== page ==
‘It’s an epidemic’: Gun violence forum brings leaders together to find solutions
CHARLESTON, S.C. (WCSC) - A panel of Lowcountry officials, politicians, and organization leaders gathered on Sunday evening at Burke High School to discuss problems and solutions surrounding gun deaths.
Hosted by the Tri-County Gun Violence Coordinating Council, Pastor Thomas Dixon started the event by stating that the panel members who are in attendance can actually impact our community over the upcoming years.
“We’re not here to point fingers unless we are pointing fingers at ourselves; because if each one of us has not done everything that we can do to prevent gun violence, we’re just as much a part of a problem as we are a part of the solution,” Dixon said.
Panel members include the following:
- Rep. Krystle Matthews, - District 117 Running for U.S. Senate
- Sydney Clinton - Running to Represent District 98
- Tisa Whack - Gun Violence Survivor, MOMS Demand Action
- Eric Watson – Charleston County Deputy Administrator
- Scarlett Wilson – Ninth Circuit Solicitor
- Chief Luther Reynolds - Charleston Police Department
Before the questioning portion of the forum, panel members first spoke about why the issue of gun violence is important to them personally.
“It’s an epidemic, that I know all of you are well aware of, that seeps into every single possible facet of our lives and we have to be able to recognize what we can do,” Clinton said. “I’m hoping that at the end of this, we’re able to feel a little bit better that we’re not alone in this fight because it can be very tiring, and it can be hard and overwhelming.”
‘Is this who we are or who we are becoming,’ was the first question posed to panel members on the topic of gun violence. The response from the speakers was mixed with a variety of different responses.
“I would say this is who we are becoming,” Reynolds said. “I believe that we are on a path on a continuum, and we’re not going in the right direction, we’re going in the wrong direction. I believe that if you look at the number of homicides, those numbers are very misleading and each one of them has a story and a name behind it and we need to put that story and that face on each one of those losses.”
Wilson responded by opposing Reynolds, saying the problem is not just one solution, it is many tiny victories along the way.
“It’s who we are. It’s not who we’re becoming, and we don’t have time to waste. We have to address these things now,” she said. “We have to address these things in a way that we can listen to each other across party lines, across law enforcement, prosecutors, and members of the community.”
The Tri-County Gun Violence Coordinating Council put together a list of 12 possible solutions to curb gun violence in the Lowcountry:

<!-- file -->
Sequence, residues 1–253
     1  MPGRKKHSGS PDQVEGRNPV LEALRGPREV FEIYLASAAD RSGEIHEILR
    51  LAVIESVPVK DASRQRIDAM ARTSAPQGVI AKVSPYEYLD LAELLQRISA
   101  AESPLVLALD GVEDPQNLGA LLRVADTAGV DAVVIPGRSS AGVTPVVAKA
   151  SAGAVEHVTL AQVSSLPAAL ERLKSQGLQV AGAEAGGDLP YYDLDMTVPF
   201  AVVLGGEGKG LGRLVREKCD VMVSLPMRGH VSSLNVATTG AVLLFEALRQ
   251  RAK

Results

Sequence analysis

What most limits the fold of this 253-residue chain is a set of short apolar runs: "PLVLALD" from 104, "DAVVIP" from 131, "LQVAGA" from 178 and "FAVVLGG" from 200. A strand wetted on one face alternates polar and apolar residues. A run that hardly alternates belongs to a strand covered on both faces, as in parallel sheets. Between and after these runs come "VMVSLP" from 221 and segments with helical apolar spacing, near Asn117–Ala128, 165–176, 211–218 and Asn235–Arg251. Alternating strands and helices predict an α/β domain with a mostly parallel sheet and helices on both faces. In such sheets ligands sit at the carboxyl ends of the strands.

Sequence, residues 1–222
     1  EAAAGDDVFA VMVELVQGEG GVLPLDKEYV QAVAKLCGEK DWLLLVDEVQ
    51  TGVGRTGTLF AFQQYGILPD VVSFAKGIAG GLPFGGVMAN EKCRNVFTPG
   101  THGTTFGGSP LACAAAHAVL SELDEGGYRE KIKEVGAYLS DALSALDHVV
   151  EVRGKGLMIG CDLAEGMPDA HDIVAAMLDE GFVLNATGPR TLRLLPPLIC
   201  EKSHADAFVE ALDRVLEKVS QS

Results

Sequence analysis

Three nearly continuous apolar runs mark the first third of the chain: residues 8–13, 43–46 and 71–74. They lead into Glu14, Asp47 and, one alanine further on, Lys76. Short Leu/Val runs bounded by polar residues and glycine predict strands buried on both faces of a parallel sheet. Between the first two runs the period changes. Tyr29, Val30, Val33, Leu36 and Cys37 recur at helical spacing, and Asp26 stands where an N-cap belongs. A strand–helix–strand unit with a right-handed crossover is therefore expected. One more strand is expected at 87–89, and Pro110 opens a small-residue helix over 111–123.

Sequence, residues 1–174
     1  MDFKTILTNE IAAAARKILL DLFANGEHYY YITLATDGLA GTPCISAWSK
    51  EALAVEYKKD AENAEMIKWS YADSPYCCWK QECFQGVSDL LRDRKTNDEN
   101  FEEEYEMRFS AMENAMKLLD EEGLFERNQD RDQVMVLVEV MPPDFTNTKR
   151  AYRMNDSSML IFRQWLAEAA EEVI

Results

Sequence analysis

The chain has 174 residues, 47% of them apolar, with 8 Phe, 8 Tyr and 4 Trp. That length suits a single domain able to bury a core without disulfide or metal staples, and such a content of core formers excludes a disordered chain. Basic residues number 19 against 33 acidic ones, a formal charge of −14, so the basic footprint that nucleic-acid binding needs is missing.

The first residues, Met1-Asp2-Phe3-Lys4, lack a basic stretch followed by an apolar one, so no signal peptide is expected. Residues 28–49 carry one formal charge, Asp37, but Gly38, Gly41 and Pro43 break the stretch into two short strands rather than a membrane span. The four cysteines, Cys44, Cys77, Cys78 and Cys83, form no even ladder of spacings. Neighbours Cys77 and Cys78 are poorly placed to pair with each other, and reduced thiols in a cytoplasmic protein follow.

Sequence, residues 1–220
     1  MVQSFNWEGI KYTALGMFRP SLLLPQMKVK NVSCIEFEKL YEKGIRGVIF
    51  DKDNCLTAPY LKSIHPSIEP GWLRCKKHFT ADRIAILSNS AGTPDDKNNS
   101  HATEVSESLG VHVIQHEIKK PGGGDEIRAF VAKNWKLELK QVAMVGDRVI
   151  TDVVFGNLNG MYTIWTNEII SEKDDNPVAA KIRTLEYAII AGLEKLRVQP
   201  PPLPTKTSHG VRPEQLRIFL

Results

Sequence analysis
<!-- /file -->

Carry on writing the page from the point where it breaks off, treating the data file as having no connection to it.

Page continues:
- Implement a public campaign to lock cars to reduce gun theft.
- Create public, readable, accessible databases on gun crime.
- Fund Community Violence Interruption and Intervention with wrap-around services
- At-risk youth, identified by the community, schools and police, should be offered social resources and mentor services.
- Require all officers to attend and complete implicit bias training.
- Empower police chiefs to fire cops when they show racist beliefs and behavior
- Establish a statewide database for fired officers
- Charleston should recommit to holding the annual Police Community Unity Day held in the community
- Require all officers to attend and complete training on how to respond to victims during a domestic violence call that includes issues concerning the high risk of homicides because of domestic violence
- Conduct in-depth reviews into how law enforcement addresses cold case homicides and non-fatal assaults and how families are being kept up to date on their cases
- Build social capital, improving access to programs for high-risk youth, community greening/improvement of neighborhood physical space to reduce gun violence
- Emphasize community policing and create a strategic plan to implement it
“We have to learn as people how to resolve conflict, not just minors, but as adults, because you have to think about the way we react to things and how we’ve handled conflict,” Whack said. “We can’t handle conflict in a reasonable manner and how would we expect our children, our youth to follow our paths?”
The gun violence forum was just a start to discussing solutions, according to Marlvis Butch Kennedy, Tri-County Gun Violence Coordinating Council Chair. In the upcoming year, the council has already begun taking steps to address gun violence in a collaborative approach among Lowcountry organizations.
Sunday’s gun violence forum was the first of several that the Tri-County Gun Violence Coordinating Council is hosting.
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